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The Vault at PfaffsAn Archive of Art and Literature by the Bohemians of Antebellum New York
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brain didn t get to sleep soon.            By the bye,  one thing have I omitted
in the days chronicle.     Ere going to Roberts in the afternoon   I accompanied him
to Franklin Street, where resides his anticipatory mother in law.  There
I saw  Lotty    a blessing on her black eyes, [word crossed out] and pretty foot.
She sate in a rocking chair talking with me while Charley made his visit
in the adjoining room.       Shall I see her his wife;   will this end happily
for him?   I hope so   he may cast again but will not win such another
prize, I think.   Well Alls Well that ends Well, [words crossed out]
[words crossed out]
  15. Saturday.  Up early, of a dark, rainy morning, dressed, and
with Alf Waud and Charley to the New Haven Depot.   He runs on to Frank-
lin Street, returns, Mason comes up, shakes hands, and the cars move on
We accompany him to the place where the locomotive is hitched on. So stand-
ing at the rear under the shelter of the overhanging roof we gaze out at the
rain and mud and mist and New York.  Arrived at the place, 32nd St
Charley s off, rushes down to the house, through the little garden to have a part
ing hug at his  Lotty . But alas! she was abed, and so her ruthless uncle
told him.  Wherefore he returned, mounted, shook hands, and we bade God
speed him, the cars moved on, and the last we saw was his head stret-
ched out betwixt them.x  We enter the depot, make a sketch of a locomotive,
and then return through rain and mud.   Parting with Alf, I get back
to Canal, breakfast in kitchen, then ascend and draw, in company 
with Mr Cross, who designeth supplying Charley s place in the room and
occupying his bed.   Alf with us during the evening. A visit from Mason.
Barth called in the morning, telling how that he had got his berth of
Hospital Steward and therefore would remain some time on the Island.
   /     This day, ^|four| and twenty years ago, in the stone-built  ark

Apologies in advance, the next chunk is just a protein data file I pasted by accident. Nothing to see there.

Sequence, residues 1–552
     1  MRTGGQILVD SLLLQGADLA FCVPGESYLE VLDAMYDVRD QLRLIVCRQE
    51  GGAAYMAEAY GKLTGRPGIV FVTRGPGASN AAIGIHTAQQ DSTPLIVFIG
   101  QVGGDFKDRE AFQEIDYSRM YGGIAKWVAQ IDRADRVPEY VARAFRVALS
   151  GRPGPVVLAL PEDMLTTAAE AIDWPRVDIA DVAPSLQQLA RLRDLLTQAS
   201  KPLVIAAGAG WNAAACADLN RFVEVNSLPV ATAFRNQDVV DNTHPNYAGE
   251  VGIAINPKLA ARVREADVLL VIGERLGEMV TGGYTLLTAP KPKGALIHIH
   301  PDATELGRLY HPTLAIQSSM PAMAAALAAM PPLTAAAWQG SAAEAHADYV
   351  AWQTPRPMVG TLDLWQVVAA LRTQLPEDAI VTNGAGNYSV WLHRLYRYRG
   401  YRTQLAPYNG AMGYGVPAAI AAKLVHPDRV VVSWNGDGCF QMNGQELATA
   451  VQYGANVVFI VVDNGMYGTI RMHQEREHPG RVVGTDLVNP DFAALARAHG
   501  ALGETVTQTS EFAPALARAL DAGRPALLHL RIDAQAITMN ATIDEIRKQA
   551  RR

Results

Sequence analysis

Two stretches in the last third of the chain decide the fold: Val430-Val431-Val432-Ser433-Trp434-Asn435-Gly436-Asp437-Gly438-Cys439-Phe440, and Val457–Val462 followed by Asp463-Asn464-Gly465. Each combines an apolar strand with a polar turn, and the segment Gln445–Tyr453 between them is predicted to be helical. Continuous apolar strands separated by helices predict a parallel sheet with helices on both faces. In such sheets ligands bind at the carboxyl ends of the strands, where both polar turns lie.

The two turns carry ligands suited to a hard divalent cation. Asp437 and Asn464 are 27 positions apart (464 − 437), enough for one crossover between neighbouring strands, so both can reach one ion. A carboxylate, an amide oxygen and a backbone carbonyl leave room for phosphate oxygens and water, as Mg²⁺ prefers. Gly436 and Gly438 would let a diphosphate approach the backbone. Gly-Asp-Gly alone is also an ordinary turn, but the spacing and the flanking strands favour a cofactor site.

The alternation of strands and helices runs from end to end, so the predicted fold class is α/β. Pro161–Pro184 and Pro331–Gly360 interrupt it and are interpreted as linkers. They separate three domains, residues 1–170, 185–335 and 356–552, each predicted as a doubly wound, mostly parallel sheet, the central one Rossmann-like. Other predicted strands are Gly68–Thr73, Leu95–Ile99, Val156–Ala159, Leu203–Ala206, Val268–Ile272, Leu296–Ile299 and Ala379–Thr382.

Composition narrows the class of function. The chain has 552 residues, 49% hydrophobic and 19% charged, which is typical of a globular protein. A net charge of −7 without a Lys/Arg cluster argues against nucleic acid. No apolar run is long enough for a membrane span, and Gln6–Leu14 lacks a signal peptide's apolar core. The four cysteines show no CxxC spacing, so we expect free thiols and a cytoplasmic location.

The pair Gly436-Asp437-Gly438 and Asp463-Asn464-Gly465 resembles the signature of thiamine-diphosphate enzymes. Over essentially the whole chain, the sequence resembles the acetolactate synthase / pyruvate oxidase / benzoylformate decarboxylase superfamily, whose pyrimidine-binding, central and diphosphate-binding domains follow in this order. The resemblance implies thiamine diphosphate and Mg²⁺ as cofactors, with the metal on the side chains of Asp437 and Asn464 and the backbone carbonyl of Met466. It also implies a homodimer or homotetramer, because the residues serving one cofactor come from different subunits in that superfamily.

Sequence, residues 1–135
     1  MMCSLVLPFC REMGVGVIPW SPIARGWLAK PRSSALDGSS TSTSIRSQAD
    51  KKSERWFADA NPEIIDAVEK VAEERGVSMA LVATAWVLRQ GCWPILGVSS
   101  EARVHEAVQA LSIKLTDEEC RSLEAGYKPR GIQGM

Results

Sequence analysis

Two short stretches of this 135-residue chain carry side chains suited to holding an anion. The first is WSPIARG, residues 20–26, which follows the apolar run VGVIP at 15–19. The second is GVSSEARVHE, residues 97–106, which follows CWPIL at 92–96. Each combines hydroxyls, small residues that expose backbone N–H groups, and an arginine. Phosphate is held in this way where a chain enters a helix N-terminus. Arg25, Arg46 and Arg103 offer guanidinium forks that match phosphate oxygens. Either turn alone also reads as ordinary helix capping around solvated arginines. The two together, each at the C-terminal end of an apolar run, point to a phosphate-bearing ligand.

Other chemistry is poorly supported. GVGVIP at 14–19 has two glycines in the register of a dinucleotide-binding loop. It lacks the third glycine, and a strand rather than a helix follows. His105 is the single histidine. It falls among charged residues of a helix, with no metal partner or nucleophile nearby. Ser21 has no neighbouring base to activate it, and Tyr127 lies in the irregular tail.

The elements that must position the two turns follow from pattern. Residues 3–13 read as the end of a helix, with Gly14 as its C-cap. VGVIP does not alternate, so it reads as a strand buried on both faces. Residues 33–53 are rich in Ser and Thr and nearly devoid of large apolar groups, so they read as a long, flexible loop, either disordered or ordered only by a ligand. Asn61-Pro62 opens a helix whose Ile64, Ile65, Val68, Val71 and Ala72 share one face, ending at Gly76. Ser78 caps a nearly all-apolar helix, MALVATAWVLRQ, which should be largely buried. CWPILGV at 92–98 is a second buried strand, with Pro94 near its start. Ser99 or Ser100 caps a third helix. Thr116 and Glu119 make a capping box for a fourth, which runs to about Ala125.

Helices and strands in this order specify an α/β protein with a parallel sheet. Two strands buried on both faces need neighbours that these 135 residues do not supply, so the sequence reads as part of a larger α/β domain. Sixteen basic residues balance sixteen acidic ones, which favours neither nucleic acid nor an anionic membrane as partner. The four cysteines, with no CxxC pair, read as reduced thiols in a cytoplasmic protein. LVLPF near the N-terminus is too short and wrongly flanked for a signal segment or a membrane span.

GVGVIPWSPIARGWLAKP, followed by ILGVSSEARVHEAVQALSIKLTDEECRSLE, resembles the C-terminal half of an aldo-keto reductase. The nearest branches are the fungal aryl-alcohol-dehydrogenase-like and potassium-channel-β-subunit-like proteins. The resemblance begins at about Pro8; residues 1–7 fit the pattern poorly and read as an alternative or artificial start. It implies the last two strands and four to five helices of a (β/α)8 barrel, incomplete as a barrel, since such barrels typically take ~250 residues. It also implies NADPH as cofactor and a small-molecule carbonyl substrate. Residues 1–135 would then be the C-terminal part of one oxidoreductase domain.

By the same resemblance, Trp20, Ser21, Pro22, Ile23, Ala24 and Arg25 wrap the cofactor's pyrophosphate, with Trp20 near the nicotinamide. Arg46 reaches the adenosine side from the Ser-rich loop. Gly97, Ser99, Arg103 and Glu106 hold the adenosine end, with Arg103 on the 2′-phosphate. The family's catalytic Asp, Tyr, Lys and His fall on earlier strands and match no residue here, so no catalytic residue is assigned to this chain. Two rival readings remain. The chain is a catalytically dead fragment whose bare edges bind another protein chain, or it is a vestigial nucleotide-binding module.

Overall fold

Neithrop nigh to Banbury came I, (I suppose a little red biped), into
	x   Last time I ever looked in him through a false medium. June 1851.
Page
Title:Thomas Butler Gunn Diaries, Volume Two: page forty-eight
Description:Describes Brown's departure.
Date:1851-02-14
Subject:Barth, William; Birthdays; Cross; Damoreau, Charles (Brown); Gunn, Thomas Butler; Kidder, Charlotte (Whytal, Granville); Kidder, Rebecca (Morse); Mason; Military; Railroad; Roberts; Waud, Alfred
Coverage (City/State):[New York, New York]; Neithrop, Banbury, [England]
Coverage (Street):32nd Street; Canal Street; Franklin Street
Scan Date:2011-02-07

 

Volume
Title:Thomas Butler Gunn Diaries, Volume Two
Description:Includes descriptions of Gunn's attempts to find drawing work among New York publishers, brief employment in an architectural office, visits to his soldier friend William Barth on Governors Island, boarding house living, drawing at actor Edwin Forrest's home at Fonthill Castle, and sailing and walking trips taken with friends.
Subject:Boardinghouses; Books and reading; Gunn, Thomas Butler; Military; Publishers and publishing; Religion; Travel; Women
Coverage (City/State):New York, New York
Note:Thomas Butler Gunn was born February 15, 1826, in Banbury, England, and came to New York in 1849. During the Civil War he worked as a correspondent for the New York Tribune and the New York Evening Post. He returned to England in 1863, and died in Birmingham in April 1903. The collection includes twenty-one volumes of his diaries, including newspaper clippings, letters, photographs, sketches, and various other items inserted by Gunn. Diary entries date from July 7, 1849, to April 7, 1863, and include his experiences with the New York publishing and literary world, his descriptions of boarding houses, his travels throughout the United States, and his experiences traveling with the Federal army as a Civil War correspondent.
Publisher:Missouri History Museum
Rights:Copyright 2011 Missouri History Museum.
Source:Page images, transcriptions, and metadata of the Thomas Butler Gunn diaries have been provided by the Missouri History Museum.